The story begins with former Ant-Man Scott Lang (Paul Rudd) living under house arrest as punishment for assisting Captain America in Captain America: Civil War. He’s hung up the size-altering suit while the Wasp, Hope Van Dyne (Evangeline Lily) has spent the intervening time trying to find a way to rescue her mother, Janet, from the subatomic Quantum Realm that she’s been trapped in for decades. With only days left in his sentence, Hope and her father, Hank Pym (Michael Douglass), pull Scott back into the world of superheroics, since his experience in the Quantum Realm at the end of Ant-Man makes him invaluable for their mission. In their quest to reach the Quantum Realm, Ant-Man and the Wasp clash with the mysterious Ghost, played by Hannah John-Kamen, and black-market dealer Sonny Burch (Walton Goggins), who each want access to the Quantum Realm for their own reasons. In addition to being Ant-Man, Scott has to balance saving his cash-strapped security firm, maintaining a good relationship with his ex-wife and her husband, and hiding his illicit activities from the FBI.
The film constantly throws new problems and complications at its heroes, which keeps the movie’s pacing brisk. Unfortunately, the movie is resultantly light on character development, with Janet and Ghost suffering the most from a lack of depth. The ludicrous nature of the Quantum Realm and the technology derived from it also detract from the aspects of the movie that work. Despite the plot’s weaknesses, it provides plenty of opportunities for the things you really want in an Ant-Man movie: jokes, inventive action sequences, and psychedelic imagery. Thankfully, the movie makes the most of those opportunities. The ever-shifting scale of the battles and the frequent visual humor keep the combat fresh and entertaining, while the forays into the Quantum Realm deliver some of the trippiest imagery in the Marvel Cinematic Universe.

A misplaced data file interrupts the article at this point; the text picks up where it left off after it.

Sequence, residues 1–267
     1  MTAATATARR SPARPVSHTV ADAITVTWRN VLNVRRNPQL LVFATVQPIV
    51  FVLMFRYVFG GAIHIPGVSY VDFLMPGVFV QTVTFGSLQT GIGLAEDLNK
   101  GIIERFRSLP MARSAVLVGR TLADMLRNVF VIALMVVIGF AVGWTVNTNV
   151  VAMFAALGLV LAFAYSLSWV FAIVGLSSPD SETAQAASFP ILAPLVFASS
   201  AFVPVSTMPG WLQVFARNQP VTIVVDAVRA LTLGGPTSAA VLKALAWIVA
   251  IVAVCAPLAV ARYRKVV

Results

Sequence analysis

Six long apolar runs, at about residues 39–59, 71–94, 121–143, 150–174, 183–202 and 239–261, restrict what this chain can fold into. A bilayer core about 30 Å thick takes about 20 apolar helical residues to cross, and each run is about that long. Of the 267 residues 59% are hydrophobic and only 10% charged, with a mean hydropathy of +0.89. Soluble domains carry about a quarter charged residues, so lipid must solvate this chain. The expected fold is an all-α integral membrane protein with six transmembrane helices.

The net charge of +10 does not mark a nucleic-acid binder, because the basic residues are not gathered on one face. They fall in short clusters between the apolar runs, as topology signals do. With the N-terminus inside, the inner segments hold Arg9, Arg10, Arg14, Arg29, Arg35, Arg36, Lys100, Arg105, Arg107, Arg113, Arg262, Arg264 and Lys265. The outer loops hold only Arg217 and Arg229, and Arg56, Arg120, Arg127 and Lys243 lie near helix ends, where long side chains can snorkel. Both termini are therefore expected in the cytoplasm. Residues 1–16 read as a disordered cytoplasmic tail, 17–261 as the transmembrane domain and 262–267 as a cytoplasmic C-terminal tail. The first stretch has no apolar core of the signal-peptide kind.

As charming and funny as Ant-Man And The Wasp is, it never manages to transcend competence. The characters are likable, but not especially complex or compelling. The functional plotting mostly serves as a vehicle for jokes, which are consistently funny if unremarkable. The light tone and small scope are refreshing, but the film never escapes the shadows of its sibling franchises. The main elements of the movie have been explored it more entertaining fashion in previous Marvel films. Spider-Man: Homecoming tells a far more engaging street-level superhero story, Guardians of the Galaxy Vol. 2 does a better job exploring familial relationships, and the comedy of Thor: Ragnarok is zanier and funnier. As a result, Ant-Man And The Wasp fails to find a niche for itself in the greater MCU.